Soul Calibur and the Red Thread of Destiny

When I was twelve years old a handsome boy, who I had never met, was responsible for putting a game in the theater arcade that I frequented.

Every other weekend my dad would come to pick me up, drive for an hour, and watch movies with me at the Regal near my grandmother’s house. We would often get there early, so to kill time before the show I ‘d play a few games. One day, and this is important in retrospect, a Soul Calibur machine appeared.

I was riveted.

Until this point, I had only experienced a major thrill for gaming with Pokemon and the Legend of Zelda – my consoles were usually hand-me-downs with one game, and if they weren’t, I only had one or two  anyway because we couldn’t afford much. But this game was awesome.

I quickly realized that I needed to get better to make my dollar (or my poor father’s dollar) last. As the weekends went by I’d ask my dad to take us earlier and earlier, though I could never get him to bring us more than an hour before the movie. I played with my favorite character, Sophitia – I played religiously, vigorously, and loved every minute of it.

On one of these weekends, an employee happened to see me playing on his break and asked if he could challenge me, and that he’d pay for the games. Delighted, I said yes. Around $18 later he finally won and went back to work. He was not the handsome boy, but I was on to something great.


Me, Age 12


Doubtless to say, I’m pretty excited about the release of Soul Calibur V sometime next year. It will be interesting to see how the story pans out for Patroklos and Pyrrha Alexandra.

Watching some of the top French players handle the demo isn’t helping me with my sense of patience, either. The latest match posted appears to be this one, between Ivy and Maxi:

And here’s the reluctant warrior Pyrrha, though as far as I can tell her moves will look less like her mother’s by the time Namco Bandai releases the finished product:

New characters in the lineup include Natsu, Taki’s student and so called successor; Z.W.E.I., a swordsman with a mysterious background; Viola, his amnesiac companion; Leixia, Xianghua’s daughter; and the Alexandra children.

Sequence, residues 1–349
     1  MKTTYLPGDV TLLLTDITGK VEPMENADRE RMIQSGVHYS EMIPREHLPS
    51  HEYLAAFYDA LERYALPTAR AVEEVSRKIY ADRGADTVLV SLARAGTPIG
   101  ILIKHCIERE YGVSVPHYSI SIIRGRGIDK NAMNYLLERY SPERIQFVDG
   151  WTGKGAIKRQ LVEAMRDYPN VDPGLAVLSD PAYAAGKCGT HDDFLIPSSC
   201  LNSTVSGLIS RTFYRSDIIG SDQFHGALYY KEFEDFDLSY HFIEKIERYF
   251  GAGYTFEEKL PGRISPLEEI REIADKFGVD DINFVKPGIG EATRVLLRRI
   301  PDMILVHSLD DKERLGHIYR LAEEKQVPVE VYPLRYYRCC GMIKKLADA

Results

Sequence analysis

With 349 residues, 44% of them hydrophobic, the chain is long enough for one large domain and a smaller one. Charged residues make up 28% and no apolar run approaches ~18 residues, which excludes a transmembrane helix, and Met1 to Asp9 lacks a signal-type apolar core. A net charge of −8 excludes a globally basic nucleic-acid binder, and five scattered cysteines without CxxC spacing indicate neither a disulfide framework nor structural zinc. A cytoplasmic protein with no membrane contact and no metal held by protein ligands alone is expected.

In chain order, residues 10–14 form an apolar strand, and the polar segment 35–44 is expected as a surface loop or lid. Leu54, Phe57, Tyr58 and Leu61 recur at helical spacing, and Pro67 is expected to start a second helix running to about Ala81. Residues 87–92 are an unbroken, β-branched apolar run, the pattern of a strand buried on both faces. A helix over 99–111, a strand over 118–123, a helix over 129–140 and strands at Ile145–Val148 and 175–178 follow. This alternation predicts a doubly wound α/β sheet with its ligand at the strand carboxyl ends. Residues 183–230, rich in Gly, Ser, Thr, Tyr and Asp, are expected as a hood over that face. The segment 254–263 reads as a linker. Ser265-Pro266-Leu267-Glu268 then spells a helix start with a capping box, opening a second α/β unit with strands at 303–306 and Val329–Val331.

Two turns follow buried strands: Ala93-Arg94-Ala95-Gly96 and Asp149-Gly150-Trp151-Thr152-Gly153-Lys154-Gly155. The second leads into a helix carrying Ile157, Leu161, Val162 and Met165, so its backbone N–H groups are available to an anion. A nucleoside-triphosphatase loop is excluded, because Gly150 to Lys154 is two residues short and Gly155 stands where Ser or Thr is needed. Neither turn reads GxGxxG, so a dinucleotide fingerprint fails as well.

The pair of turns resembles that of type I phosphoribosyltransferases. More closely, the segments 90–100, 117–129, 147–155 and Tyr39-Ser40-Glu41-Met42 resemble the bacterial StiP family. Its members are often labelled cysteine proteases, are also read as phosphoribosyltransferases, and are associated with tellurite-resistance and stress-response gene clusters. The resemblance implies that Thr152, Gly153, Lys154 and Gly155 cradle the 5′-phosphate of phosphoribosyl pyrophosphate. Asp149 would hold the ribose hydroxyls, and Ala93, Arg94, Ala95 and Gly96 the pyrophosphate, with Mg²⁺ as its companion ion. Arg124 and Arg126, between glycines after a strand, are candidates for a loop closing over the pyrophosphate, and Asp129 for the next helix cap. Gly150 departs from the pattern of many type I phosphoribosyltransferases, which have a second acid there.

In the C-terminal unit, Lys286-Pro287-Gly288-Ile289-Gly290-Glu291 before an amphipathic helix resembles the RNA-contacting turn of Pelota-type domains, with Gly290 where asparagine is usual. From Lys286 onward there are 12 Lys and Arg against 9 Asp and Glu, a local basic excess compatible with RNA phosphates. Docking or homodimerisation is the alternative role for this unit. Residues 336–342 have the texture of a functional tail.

They really, really like purple. Not that there's anything wrong with that.


Looking back, I can say for sure that choosing to put my quarters in that arcade machine was a defining moment in my life as a nerd, and I regret nothing. The game has brought me a lot of good times, and even a lot of new friends. Last year, as a matter of fact, it was a good conversation starter for me at the Screwattack Gaming Convention. I have a hard time figuring out what to do with myself in social situations so I typically stick to the wall like Velcro and pout, but as luck had it Soul Calibur was there.

I’m not the best player, but I was holding my own. After a while I got into the groove and had a line forming behind me. A handsome man waited patiently to play me, and when he stepped up someone said “Hey man, watch out. She’s pretty good.”

“Oh, really?” was all he asked.

There went my winning streak.

I stalked off angrily. He turned to guy who warned him, who seemed a bit surprised, and smiled. “She’s my girlfriend,” he said.

Back to the red string of fate – that was him. That’s the guy responsible for putting Soul Calibur in the arcade when I was twelve. Our whole lives we’ve been narrowly missing each other. We had the same family doctor. We went to the same concerts and probably passed one another. We even ended up with the same friends despite our hometowns being so far apart – but that game essentially brought us together.

If we had met all those years ago things probably wouldn’t have worked out. He had college money to think about and I had puberty to prepare for. More importantly, we wouldn’t have had anything in common. Putting me on the path to loving video games led me to the day six years later where we gushed on our mutual love of comics, games, and everything great. He may not realize it yet, but he’s stuck with me.

I’m incredibly thankful for all the friends I’ve made because of Soul Calibur, and for the instant ego boost it always seems to give me. Only three people I played with at SGC beat me, to my recollection. The first was an unnamed but fantastic player, the second was Destin Legarie (though that was close, I might add), and that handsome man.

There will be a rematch.

2 Responses to “Soul Calibur and the Red Thread of Destiny”
  1. Seth Latham says:

    The last image could use more kittens. Just a suggestion. And rainbows.

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